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WEEKLY COMMODITY MONITOR

The increase of commodities continues to be fairly broad-based with most of the items we follow gaining significantly week-over-week.  With the exception of Chicken Wings, all of the foodstuffs in the table below show either flat or significantly positive week-over-week price changes.

 

Egypt is obviously front-and-center of the geopolitical picture at the moment and commodity investors obviously keep a keen eye on geopolitical proceedings.  There is speculation about food shortages due to a lack of access or movement of ships.  At Egyptian ports, an absence of customs officials is exacerbating the disruption. 

 

Rice gained 8% after trading flat last week, and relative to the other commodities at the top end of the table, its year-over-year price change is quite benign.  PFCB locks in rice and, as of most recent guidance on the item, management stated that the commodity was locked in slightly favorably for 2010 and the contract continues through September of 2011. 

 

Wheat narrowly missed out on the top spot this week, gaining 7.8% over a week ago.  There is speculation that Egypt unrest may delay shipments and that is why prices have come down.  However, it is unlikely that the recent pullback will persist if one shares Hedgeye’s bearish view of the dollar and if speculation that the cold snap in the central U.S. plains may adversely affect dormant crops is to be believed.   PNRA expects wheat costs for 2011 to be roughly flat versus 2010, as the company currently has nearly 75% of its wheat costs locked in for 2011, modestly below the 2010 price.   Looking at the chart below, it is clear that the company is hoping that the easier comps, from a wheat cost perspective, offer them some relief.  If prices go higher, wheat could cause some margin pressure for PNRA in 2H11.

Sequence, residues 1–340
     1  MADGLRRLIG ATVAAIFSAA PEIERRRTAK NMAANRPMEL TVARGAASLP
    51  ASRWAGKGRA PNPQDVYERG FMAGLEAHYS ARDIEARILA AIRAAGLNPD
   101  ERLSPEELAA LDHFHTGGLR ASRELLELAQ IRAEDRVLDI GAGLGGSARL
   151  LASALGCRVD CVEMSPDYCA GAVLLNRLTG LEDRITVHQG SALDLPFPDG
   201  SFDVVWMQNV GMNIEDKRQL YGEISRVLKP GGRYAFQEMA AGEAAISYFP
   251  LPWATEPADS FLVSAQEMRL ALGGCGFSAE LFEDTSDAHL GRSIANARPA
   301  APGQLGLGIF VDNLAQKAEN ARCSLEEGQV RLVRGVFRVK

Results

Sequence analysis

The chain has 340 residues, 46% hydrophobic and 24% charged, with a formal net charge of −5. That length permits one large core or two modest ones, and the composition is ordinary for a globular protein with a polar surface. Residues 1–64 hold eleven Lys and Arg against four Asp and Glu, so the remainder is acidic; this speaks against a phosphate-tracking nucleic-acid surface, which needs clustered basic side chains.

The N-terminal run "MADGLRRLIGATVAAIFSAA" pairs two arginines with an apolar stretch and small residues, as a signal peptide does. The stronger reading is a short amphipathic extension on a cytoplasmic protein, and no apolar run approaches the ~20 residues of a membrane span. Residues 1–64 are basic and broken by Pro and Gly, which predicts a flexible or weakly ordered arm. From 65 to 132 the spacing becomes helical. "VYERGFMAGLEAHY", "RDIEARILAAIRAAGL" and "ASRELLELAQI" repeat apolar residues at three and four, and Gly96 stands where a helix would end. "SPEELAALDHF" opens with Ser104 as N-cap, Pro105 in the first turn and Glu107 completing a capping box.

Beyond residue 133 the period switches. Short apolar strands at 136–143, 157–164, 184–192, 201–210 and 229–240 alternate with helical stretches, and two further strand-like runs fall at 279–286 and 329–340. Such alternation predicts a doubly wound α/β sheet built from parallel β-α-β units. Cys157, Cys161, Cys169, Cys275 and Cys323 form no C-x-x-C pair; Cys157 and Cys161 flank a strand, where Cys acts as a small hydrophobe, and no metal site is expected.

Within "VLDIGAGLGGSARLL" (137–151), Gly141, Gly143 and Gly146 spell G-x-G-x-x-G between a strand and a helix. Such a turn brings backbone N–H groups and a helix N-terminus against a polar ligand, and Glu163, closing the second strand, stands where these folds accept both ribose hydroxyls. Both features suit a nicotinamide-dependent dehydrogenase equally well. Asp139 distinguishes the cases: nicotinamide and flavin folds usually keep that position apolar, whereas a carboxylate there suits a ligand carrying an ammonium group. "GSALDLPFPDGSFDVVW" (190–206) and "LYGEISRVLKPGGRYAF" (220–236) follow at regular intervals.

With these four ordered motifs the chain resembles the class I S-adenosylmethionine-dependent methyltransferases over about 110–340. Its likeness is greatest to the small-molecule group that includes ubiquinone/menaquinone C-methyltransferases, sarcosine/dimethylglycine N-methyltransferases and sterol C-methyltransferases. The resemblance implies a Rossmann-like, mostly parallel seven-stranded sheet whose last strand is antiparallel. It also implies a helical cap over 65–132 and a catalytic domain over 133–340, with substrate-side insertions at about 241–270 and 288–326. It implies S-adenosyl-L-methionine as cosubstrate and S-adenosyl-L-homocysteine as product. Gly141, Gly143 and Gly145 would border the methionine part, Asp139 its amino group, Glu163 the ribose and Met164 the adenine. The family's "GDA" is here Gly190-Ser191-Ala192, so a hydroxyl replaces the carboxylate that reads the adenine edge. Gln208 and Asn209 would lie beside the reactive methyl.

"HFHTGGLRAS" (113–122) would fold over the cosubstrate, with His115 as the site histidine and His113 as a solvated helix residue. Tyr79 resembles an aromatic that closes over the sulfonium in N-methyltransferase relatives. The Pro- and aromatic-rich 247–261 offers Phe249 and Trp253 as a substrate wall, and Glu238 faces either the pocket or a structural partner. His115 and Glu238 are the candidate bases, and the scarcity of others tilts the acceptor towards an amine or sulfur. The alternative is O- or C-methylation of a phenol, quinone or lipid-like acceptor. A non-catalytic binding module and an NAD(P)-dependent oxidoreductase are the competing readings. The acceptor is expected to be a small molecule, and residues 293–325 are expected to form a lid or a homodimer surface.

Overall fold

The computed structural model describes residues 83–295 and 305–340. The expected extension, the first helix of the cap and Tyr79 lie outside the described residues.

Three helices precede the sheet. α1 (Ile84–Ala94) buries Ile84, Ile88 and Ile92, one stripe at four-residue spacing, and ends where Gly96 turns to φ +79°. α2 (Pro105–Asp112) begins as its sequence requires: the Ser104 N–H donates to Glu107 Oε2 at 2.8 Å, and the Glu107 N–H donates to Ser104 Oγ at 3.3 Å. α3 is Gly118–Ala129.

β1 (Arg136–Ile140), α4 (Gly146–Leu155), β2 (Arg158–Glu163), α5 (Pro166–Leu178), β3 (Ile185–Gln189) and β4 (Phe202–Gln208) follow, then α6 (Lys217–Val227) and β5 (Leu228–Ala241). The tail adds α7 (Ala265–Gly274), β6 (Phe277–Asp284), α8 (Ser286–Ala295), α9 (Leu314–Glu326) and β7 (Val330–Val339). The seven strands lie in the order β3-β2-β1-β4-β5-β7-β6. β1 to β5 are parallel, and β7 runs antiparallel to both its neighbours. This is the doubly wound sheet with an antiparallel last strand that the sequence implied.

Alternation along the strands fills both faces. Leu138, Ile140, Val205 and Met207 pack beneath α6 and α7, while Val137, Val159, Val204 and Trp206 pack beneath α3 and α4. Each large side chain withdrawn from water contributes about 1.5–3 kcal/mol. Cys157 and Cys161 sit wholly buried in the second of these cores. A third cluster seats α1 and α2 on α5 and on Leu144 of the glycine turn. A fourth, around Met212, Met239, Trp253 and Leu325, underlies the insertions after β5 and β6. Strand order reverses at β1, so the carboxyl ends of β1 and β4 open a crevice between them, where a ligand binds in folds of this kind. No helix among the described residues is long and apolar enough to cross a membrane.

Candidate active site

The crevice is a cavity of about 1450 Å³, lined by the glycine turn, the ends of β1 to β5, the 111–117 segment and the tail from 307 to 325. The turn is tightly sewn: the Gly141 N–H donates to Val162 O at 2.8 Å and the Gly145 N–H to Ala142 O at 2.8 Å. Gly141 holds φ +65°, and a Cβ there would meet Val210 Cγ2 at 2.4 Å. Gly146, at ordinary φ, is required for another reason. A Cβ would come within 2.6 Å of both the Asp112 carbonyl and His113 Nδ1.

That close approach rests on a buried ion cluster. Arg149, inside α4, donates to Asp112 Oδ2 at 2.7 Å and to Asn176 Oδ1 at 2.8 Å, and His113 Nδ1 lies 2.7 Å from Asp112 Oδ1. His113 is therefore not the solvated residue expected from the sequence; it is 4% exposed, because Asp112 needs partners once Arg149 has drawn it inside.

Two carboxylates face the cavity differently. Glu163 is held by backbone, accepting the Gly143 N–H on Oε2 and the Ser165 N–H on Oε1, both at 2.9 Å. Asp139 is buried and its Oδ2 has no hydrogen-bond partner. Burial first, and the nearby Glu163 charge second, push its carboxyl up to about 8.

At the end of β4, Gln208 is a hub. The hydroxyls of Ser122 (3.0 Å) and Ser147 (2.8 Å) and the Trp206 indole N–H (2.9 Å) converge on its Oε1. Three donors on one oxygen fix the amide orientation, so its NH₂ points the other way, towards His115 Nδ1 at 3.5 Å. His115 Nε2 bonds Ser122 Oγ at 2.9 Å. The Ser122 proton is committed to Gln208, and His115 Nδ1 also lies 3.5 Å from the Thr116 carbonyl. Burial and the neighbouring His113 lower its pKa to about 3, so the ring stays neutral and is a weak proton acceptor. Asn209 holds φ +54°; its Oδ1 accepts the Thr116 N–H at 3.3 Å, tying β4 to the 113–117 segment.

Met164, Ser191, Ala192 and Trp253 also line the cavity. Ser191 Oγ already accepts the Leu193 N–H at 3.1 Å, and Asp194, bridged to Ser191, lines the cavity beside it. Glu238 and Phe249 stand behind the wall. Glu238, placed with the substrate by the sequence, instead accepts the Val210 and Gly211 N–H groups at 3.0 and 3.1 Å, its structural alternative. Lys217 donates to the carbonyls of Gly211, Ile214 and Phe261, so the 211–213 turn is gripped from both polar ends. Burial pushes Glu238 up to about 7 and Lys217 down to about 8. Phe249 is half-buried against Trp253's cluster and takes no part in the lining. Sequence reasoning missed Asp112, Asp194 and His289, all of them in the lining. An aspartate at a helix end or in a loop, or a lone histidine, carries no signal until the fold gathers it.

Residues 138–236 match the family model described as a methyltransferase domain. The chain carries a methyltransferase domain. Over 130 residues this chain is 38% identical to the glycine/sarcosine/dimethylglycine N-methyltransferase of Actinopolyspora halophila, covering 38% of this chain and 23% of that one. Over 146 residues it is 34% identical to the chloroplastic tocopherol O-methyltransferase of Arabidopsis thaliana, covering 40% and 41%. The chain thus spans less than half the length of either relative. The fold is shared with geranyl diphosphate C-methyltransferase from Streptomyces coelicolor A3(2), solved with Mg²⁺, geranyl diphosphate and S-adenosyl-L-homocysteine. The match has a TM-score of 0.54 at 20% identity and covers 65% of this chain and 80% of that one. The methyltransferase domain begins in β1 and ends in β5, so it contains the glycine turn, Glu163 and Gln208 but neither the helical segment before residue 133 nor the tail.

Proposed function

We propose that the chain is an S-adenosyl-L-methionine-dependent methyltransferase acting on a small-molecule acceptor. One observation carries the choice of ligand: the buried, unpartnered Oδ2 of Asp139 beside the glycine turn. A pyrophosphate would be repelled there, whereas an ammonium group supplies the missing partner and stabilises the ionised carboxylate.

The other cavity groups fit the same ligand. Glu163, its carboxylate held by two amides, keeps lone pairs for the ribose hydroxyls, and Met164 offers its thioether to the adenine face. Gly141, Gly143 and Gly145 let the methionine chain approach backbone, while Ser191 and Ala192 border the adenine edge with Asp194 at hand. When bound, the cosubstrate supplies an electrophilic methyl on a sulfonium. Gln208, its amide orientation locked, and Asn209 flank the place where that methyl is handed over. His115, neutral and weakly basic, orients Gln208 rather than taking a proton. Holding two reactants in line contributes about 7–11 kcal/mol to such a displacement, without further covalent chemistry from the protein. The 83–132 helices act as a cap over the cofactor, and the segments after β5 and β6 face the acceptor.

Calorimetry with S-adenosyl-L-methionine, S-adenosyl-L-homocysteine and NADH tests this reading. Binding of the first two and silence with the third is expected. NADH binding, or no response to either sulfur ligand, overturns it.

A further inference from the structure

WEEKLY COMMODITY MONITOR - wheat trend

 

Chicken Wings continue to offer BWLD a nice boost here in 2011.  Following a decline of almost 5% on the week, prices are lagging those of a year ago by 36%.  The chart below shows clearly that this favorability is likely to continue for BWLD through the first half of the year if prices remain roughly stable.

 

WEEKLY COMMODITY MONITOR - chicken wing trend

 

WEEKLY COMMODITY MONITOR - commodity monitor Feb 1 2011

 

Howard Penney

Managing Director


Europe Is Offside

Position: Short Italy (EWI); Short Euro (FXE)

  

In a post on 1/27 titled “Playing Europe’s Mismatch on Duration” we noted that our short positions in Italy (via the etf EWI) and the EUR (FXE) were working against us as three catalysts were giving a boost to European equity markets (especially the PIIGS) over the immediate term:

  1. Japan and China buying European debt
  2. Bullish speculation on a “comprehensive package” to tackle Europe’s sovereign debt crisis
  3. Hawkish commentary from ECB President Jean-Claude Trichet on inflation

In the note we also cautioned that over the intermediate term TREND our negative outlook on Europe, especially for the countries with high fiscal imbalances (Italy, Spain, and Portugal), remains intact.